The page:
Hong Kong itself is an island, surrounded by several smaller islands, while connected to Mainland China is Mongkok (also part of Hong Kong) which is where I stayed during my visit. There's not a lot of land available so the signature skyscraper apartments sprung up everywhere, winding up mountain sides and glistening in the sun. Given the density of populace, Mongkok and Hong Kong can be almost incomprehensibly crowded at times. For a bit of respite my single serving friend from the previous night's adventures and I agreed to meet on Tung Chung, the nearest train station to the Tian Tan Buddha of Lantau island. At 112 feet (34 meters) tall, he's a majestic thing to behold, perched peacefully atop a beautiful forested mountain. Climbing up 268 steps enshrouded with mist the looming figure slowly reveals himself...and all this, of course, is after you take a glass-bottomed cable car from Tung Chung to Ngong Ping, soaring over crystalline waters and lush landscapes. Believe it or not, this was not my first encounter with a big Buddha. My very first was in Kamakura, Japan...still, I greatly enjoy visiting these statues and was quite excited to see one in Hong Kong!
Once you disembark from the cable cars, you walk through an ornate gateway only to be greeted by the 12 Generals of the Chinese zodiac and several small shops. If you have the time, there are other things to see- pink dolphins, or the Po Lin monastery, for instance. This trip was focused upon seeing the large bronze figure who weighs over 250 metric tons (280 short tons), one of the largest of his kind. The weather was cool and grey, a thick fog proliferating the high altitude area where the Buddha rests. This did not stop the flow of tourists and locals ascending the stairs, eager to catch a glimpse of the big Buddha himself. Once you reach the peak where he perches, you have the option of paying a small fee to gain entrance to the interior of the statue. We both agreed and took in the sights, only to be given an ice cream cone at the end! It was a surreal experience, to be sure. As we were walking back towards the cable cars, a lone cow came lazily meandering up the street towards us, paying no mind to the humans in their midst. They had important bovine business to attend to, surely.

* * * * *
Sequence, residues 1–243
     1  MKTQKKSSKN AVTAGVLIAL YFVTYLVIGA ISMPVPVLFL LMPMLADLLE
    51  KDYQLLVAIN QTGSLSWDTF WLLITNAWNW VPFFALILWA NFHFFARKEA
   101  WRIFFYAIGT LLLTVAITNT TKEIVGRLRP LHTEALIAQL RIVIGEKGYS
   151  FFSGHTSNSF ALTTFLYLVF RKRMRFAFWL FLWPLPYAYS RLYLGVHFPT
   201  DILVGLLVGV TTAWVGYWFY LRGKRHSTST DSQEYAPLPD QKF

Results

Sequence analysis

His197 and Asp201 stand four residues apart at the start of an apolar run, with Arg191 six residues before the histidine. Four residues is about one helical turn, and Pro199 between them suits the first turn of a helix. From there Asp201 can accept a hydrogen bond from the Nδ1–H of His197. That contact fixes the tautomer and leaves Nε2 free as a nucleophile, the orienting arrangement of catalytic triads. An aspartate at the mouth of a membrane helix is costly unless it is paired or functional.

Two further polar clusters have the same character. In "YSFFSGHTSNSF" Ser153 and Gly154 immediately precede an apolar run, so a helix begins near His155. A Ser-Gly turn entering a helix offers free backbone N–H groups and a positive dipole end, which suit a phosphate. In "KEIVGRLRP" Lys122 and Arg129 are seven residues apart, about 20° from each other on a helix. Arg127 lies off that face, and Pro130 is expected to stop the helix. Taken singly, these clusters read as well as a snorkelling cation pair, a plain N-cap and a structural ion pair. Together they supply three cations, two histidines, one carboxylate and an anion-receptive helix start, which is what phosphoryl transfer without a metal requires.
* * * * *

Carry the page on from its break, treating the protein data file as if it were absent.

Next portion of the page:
More photos after the jump!
This was all after a quick breakfast in Mongkok, of course. There was a tiny restaurant/shop I'd pass on my walk to the nearest train station where they had a bounty of different dishes being kept warm in a giant steamer. While I had no clue what I was necessarily ordering, everything was affordable and delicious! On this particular day, I was seated at a small table next to their beverage refrigerators- after sitting for a brief moment, a stack of carry-out boxes fell off the refrigerators onto my shrimp dish above. Womp. After being in Japan for over a year and a half by this point, I half expected a shop keeper to rush over and check that I was OK...instead I got a glare, as if I'd intentionally caused the packaging to fall, as the woman grabbed the boxes away. I ate my food without complaint- it was still delicious!
Thanks for stopping by, I hope you enjoyed this glimpse of my trek to Hong Kong!
Check back soon for the next update!